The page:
The occasion was the nineteenth annual Dr. Martin Luther King, Jr., Commemorative Program, sponsored by the African American Cultural Center and other IUP departments and organizations.
That very morning, Brazile told students, faculty members, and townspeople, she had witnessed in the White House East Room the signing of the Lilly Ledbetter Fair Pay Act. The law was named for an Alabama tire factory supervisor who, toward the end of a nineteen-year career, discovered she had been paid less than men in similar jobs. After the U.S. Supreme Court ruled against her, Congress eventually approved legislation that expanded workers’ rights to sue in similar cases and relaxed the statute of limitations.
“We will never be able to give her her money back,” Brazile said of Ledbetter, “but we will make sure that her granddaughters and her nieces will never work for less money because of their gender.”
Brazile said she had first met the bill’s signer, Barack Obama, in 2002, when he had come to her office “to see about putting together a coalition.” Since that time, she said, Obama had “turned apathy and indifference into activism.”
In speaking of King, Brazile said, “The dream was to create a beloved community, to build a promised land, where we could all be one. He would have been eighty years old this month.”Malcolm X, she said, “had a lot of deep meaning for a little child in the South.”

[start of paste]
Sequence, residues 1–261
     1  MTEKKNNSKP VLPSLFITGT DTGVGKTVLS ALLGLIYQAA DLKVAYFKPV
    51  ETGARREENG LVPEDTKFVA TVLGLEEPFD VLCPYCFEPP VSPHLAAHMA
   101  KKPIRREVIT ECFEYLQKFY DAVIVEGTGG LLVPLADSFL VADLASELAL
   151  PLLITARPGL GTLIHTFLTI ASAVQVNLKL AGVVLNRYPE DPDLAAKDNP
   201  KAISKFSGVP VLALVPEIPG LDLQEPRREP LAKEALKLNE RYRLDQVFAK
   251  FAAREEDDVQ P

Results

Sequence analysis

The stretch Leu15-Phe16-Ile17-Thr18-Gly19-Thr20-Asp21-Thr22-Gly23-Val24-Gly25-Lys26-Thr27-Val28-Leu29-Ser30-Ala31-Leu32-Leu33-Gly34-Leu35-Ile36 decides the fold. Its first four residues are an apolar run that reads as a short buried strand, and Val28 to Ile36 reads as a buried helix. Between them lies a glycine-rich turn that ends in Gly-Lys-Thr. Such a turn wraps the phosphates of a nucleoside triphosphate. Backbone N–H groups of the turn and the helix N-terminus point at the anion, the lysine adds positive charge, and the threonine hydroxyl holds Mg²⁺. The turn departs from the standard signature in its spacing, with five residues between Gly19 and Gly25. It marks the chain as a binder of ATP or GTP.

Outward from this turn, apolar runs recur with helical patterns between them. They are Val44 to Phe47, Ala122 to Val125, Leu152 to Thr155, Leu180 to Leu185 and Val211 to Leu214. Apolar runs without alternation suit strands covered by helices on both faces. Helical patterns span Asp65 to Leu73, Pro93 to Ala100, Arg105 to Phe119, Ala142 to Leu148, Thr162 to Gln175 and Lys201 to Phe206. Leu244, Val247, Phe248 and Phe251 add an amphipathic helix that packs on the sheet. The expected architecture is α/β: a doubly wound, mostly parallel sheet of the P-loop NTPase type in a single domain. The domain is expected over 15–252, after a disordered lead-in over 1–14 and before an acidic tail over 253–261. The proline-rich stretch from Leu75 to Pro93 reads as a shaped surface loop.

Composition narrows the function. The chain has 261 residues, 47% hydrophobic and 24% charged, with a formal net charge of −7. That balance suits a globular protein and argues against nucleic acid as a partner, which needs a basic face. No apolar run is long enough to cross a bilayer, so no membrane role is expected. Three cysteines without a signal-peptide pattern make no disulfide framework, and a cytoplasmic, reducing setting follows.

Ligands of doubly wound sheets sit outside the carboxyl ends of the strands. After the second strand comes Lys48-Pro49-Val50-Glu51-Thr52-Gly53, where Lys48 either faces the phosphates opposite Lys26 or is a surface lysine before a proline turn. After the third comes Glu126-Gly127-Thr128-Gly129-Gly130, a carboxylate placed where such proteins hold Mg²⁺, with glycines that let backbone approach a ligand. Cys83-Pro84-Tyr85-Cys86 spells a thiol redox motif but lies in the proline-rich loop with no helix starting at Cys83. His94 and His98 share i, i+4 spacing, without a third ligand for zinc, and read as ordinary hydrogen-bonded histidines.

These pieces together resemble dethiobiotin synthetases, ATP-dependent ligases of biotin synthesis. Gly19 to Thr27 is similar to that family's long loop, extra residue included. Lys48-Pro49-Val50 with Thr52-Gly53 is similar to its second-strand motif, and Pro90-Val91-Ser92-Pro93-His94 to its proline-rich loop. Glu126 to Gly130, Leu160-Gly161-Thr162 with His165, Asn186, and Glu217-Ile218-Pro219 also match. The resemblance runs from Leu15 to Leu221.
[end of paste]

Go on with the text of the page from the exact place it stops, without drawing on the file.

“When you look at the last forty years of history,” she said, “think of all the healing that must be done. How do we use this moment to remake America?”
“We should be honest and open,” she said. “We should be willing to put some hard truths on the table.”
“This is not about what Obama can do for us. This is not about how Obama is going to do this and that. The President is calling on us to serve.Will you answer the call?”
She warned that “This is going to require us to get out of our old thinking and our old behavioral patterns. Some of us are willing to answer the call only if it is a personal call. Sometimes, people send me résumés and say, ‘Have somebody call me.’ The call you need to answer is the call from within.”
Brazile ran the Gore-Lieberman campaign in 2000. “You have changed history with the election of 2008,” she told the audience. “You have dared to make a difference. Now, you must answer the call. “Step up. Take over. This is your moment. This is your time. You plant the seeds of hope,” she said, “and you stir it with everything you have.”